Top 5 Australian regulatory changes in FinTech in 2018
Which Australian regulatory changes in FinTech will 2018 see? Let’s take a look at five the most important innovations.
According to the Australian Government, an open banking regime will be introduced in the country under which customers will have a possibility to give third parties such as FinTechs access to their banking data. Treasury is currently selecting most effective open banking models and is obliged to present a public report.
The status of comprehensive credit reporting will also be changed. It will become necessary, not voluntary by July 1, 2018. Thus, lenders will get access to deeper and richer data on potential consumers.
Australian Securities and Investments Commission (ASIC) is investigating the possibility of existing financial laws application in ICO. We may see the Commission take some enforcement actions against companies where consumer rights violation is detected.
A new sandbox
As the Australian Government reports, a new regulatory sandbox with a longer timeframe will be introduced in the country. Besides, new financial and credit products will be allowed. Consultation on the sandbox bill took place in December 2017 and will be continued in the new year.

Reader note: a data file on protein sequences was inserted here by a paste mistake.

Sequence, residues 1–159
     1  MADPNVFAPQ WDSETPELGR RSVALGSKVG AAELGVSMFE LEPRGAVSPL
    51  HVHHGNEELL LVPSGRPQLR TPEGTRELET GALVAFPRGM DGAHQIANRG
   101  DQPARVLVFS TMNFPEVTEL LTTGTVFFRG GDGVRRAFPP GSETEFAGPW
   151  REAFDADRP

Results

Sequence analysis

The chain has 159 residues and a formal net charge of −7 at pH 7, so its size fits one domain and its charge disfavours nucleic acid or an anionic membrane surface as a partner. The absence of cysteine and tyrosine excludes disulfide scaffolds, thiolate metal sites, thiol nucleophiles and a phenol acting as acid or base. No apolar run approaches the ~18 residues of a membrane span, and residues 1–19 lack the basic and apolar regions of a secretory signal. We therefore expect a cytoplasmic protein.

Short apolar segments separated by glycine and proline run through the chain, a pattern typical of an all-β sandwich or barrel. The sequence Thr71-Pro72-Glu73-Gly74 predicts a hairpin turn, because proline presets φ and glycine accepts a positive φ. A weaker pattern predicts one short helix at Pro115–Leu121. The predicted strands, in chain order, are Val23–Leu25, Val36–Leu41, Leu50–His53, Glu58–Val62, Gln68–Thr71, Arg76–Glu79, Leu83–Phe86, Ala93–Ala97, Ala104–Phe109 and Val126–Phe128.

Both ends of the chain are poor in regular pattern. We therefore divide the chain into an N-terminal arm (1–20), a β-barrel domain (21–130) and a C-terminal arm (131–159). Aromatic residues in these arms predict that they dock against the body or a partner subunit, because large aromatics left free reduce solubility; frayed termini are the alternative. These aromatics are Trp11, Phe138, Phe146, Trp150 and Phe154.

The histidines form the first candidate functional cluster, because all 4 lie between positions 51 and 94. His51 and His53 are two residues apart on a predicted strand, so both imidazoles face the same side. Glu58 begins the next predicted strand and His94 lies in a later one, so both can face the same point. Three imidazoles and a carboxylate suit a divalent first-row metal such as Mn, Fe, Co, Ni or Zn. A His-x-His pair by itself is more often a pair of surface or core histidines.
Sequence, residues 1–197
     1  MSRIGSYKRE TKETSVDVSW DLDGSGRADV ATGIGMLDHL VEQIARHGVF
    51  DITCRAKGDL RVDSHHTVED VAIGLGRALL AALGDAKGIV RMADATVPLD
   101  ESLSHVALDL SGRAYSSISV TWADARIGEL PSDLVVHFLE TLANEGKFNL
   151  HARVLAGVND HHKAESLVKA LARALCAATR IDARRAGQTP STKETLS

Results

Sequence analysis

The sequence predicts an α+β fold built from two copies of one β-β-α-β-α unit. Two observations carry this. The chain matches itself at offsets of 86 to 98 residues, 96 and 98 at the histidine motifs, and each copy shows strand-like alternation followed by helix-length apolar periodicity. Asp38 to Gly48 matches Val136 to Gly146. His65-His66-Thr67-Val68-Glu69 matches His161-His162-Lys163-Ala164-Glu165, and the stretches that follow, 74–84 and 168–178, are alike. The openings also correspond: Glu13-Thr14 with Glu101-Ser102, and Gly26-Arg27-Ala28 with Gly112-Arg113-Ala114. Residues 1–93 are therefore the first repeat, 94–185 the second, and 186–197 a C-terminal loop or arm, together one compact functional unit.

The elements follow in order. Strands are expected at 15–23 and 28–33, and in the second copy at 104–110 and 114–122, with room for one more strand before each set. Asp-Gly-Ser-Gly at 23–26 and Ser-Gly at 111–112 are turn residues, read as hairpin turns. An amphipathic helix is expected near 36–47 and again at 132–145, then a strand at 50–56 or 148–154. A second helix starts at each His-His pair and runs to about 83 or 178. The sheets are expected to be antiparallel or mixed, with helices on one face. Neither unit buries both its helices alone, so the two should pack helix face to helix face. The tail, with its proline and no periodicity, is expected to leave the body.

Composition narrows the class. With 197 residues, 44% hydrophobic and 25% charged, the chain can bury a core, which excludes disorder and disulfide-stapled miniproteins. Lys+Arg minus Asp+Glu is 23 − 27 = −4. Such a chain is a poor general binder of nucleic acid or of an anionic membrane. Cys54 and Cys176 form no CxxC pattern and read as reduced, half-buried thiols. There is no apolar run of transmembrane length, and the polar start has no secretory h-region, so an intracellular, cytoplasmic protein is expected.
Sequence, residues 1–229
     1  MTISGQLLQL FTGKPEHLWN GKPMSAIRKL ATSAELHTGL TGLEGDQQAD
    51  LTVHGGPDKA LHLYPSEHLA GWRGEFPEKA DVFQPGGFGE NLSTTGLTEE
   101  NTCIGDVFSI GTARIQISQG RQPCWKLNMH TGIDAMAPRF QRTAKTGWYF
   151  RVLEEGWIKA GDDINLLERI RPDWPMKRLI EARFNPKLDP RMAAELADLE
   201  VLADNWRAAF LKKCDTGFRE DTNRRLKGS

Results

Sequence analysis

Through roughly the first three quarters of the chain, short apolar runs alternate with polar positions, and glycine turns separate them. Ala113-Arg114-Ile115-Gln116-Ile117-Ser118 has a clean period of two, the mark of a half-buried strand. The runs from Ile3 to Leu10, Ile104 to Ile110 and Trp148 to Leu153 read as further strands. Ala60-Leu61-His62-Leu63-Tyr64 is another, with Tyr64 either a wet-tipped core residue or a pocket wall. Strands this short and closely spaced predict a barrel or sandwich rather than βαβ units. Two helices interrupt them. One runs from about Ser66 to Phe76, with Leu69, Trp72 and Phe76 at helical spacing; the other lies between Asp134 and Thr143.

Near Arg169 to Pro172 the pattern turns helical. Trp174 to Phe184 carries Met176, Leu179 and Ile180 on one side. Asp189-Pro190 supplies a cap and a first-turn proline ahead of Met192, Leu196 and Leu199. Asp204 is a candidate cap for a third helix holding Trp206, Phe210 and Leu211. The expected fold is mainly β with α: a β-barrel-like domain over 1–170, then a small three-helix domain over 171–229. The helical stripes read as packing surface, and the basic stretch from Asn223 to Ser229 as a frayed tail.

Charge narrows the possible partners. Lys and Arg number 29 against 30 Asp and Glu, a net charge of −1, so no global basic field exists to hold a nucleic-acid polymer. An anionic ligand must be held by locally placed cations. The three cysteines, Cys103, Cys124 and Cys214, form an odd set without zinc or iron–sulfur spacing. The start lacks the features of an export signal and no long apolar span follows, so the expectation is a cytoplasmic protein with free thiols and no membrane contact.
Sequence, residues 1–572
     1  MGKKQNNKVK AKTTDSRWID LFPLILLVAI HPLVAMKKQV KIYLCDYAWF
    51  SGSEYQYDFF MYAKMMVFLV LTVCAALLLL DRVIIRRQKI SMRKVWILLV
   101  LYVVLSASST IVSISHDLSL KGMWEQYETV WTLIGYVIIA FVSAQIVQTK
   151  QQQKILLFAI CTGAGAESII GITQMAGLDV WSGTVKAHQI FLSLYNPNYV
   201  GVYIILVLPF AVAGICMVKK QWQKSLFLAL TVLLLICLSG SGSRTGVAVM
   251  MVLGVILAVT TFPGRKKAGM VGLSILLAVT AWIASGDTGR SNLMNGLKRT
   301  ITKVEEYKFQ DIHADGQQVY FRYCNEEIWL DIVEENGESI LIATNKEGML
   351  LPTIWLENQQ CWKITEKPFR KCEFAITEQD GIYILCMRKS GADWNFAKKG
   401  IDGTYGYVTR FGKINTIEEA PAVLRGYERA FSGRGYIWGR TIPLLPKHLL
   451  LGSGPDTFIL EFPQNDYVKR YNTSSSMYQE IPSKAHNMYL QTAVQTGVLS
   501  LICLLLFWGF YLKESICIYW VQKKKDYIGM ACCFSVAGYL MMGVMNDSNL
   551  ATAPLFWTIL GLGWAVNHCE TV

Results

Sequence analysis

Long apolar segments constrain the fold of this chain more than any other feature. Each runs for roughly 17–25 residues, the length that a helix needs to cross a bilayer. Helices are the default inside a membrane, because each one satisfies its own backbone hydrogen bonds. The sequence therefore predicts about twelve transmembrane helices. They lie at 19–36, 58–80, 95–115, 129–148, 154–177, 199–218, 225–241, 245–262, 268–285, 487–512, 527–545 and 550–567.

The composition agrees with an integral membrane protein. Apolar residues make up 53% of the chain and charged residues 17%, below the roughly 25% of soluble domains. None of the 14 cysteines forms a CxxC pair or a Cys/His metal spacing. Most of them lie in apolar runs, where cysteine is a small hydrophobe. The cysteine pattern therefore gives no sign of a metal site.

2018 will see new Crowd-sourced funding (CSF) intermediary licences. Those organizations not wishing to become public to raise funds may not have to wait much longer to use CSF with new legislation currently before parliament to extend the CSF framework to eligible proprietary companies.
Australian Prudential Regulation Authority (APRA) is planning to simplify the process of bank licensing. New guidelines including phased licensing are expected to be issued in Q2 2018 allowing banks to operate with limited prudential requirements.